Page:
NBC Confident With Sochi Security

Network execs outline some safety measures, including background checks for all attendees
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NBC Olympics president Gary Zenkel said Thursday he was confident with the amount and type of security in Sochi, where terrorists have threatened to disrupt the Olympic games. That security will include background checks for everyone attending the games.

NBC will have some 2,300 people at the games—there are already 900 on site—and Zenkel told reporters in a conference call that they, too, were "overwhelemd and comfortable" with the level of security measures they were subject to and that their morale was "as high as a kite." Zenkel praised Russian's "fantastic cooperation" over the past few years as the games came together. Zenkel said he hoped to get Russian President Vladimir Putin to sit down and talk about that "incredible journey."

Zenkel said that in his 10 Olympic games he had never seen the credentialing, surveillance, and resources for the current games, including at summer games that are about three times as large.

He said security is always at the top of the mind at an Olympics, pointing to the fact that the Salt Lake games came only six months after 9/11 and security then was "significant."

On the issue of credentialing, he said that, unlike any previous Olympics, spectators are being credentialed. Nobody will be allowed into the park or any of the venues without a spectator pass, which is the equivalent of a credential with background check.

Zenkel also pointed to the perimeter the Russians had established—the so-called 'ring of steel'—and said that the fact that the two venues, coastal for indoor sports, mountain for outdoor, are "compact" helps in terms of securing them. "There really is a perimeter where Russian has overlaid a tremendous security force."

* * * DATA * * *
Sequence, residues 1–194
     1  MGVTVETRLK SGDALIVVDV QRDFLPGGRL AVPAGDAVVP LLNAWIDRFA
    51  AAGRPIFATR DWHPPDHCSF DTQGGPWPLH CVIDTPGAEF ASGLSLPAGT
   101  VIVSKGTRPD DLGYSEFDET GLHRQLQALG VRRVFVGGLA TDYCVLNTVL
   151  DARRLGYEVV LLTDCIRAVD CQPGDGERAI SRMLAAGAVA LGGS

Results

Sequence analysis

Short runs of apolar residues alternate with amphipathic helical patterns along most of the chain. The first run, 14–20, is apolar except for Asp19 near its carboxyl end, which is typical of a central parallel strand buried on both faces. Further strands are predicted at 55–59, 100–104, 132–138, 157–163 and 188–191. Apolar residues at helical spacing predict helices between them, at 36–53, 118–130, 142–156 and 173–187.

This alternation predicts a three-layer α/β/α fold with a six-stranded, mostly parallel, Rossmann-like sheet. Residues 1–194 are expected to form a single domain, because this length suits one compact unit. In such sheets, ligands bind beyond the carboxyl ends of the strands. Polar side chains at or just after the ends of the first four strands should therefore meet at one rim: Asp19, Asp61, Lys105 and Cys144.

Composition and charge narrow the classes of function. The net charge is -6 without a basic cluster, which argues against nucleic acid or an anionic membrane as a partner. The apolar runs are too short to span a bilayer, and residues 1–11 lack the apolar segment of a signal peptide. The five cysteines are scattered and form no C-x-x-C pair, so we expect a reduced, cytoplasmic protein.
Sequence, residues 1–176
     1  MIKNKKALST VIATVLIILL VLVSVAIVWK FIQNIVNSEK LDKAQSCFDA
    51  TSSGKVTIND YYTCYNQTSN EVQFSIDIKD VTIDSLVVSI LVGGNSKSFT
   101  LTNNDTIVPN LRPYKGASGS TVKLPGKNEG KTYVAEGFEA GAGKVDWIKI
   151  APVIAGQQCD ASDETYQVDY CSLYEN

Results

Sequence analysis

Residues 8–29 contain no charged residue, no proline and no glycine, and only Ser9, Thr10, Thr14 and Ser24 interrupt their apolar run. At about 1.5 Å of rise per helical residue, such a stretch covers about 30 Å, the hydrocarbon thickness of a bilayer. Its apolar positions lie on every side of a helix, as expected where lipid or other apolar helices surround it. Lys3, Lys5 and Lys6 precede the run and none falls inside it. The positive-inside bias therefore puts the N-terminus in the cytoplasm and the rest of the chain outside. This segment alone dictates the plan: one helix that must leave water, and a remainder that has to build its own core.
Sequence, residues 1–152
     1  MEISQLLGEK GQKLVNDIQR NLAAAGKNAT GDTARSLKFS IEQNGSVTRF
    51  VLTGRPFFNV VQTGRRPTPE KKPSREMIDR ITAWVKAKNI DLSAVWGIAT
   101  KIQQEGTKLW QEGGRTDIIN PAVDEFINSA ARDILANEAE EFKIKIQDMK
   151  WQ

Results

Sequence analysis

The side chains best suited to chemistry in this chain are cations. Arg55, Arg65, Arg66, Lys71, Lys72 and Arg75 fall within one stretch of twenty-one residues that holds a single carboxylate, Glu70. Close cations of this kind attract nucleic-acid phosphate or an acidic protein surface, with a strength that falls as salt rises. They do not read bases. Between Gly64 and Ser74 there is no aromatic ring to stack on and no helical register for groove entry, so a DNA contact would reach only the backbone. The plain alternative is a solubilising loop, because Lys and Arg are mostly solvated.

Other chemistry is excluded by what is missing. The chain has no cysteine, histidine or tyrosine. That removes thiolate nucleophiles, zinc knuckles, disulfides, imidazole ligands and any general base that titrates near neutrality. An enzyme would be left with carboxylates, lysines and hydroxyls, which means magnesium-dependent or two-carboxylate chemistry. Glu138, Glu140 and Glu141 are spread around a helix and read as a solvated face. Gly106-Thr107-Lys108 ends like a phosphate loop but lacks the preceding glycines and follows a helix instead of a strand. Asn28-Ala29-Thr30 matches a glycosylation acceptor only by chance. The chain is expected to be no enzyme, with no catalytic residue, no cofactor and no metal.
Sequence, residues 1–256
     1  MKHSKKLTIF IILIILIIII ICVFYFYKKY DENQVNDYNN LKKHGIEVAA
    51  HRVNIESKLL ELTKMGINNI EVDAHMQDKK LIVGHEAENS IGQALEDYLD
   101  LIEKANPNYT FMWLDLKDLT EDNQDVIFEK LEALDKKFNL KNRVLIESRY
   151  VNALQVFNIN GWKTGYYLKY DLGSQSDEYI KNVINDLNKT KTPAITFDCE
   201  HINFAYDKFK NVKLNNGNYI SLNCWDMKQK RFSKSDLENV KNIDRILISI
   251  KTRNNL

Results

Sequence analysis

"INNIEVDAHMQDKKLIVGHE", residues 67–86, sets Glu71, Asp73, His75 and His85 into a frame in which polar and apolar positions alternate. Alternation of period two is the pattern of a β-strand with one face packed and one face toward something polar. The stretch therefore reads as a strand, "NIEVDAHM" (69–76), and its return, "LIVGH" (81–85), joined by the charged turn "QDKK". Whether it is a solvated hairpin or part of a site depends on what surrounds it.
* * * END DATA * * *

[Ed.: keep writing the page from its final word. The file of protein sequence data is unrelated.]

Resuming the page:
NBC Olympics executive producer Jim Bell said he would have to wait and see what impact all that security would have on the American  public's viewing experience. "There has to be, we hope, that balance between the security which everyone expects and wants to be very rigorous, but not to the degree that it stifles people's enjoyment of the games. We think the plan in place is good, but we'll have to see when we get there. Zenkel said he did not think it would adversely affect viewership and said Russian authorities said they would try not to be terribly conspicuous. He did not predict what the ratings for the games would be.

Asked about NBC's decision to put all the ice skating on NBC Sports Network, Bell said that part of his charge is to take chances, calling it a unique opportunity to build NBCSN's audience via that marquee sport, and one that is weather-proof.

Asked about a story that NBC had a hand in getting Lolo Jones on the bobsled team because her high Q scores could help with viewership, Zenkel said the suggestion was "preposterous." Bell added "ridiculous."

Mary Carillo, who has been producing some feature stories for the Olympics by traveling around Russia, said she did not do one on the issue of treatment of gays, but did do ones on vodka, seals, billionaires, and the St. Petersburg Egg museum, as well as the fact that the stones used in Olympic curling all come from the same "volcanic plug" in Scotland.

Bell said that in terms of the live streams of events NBC will be airing on a delayed basis on TV in prime time, it will not restrict access to replays of those streams before the prime time airings.

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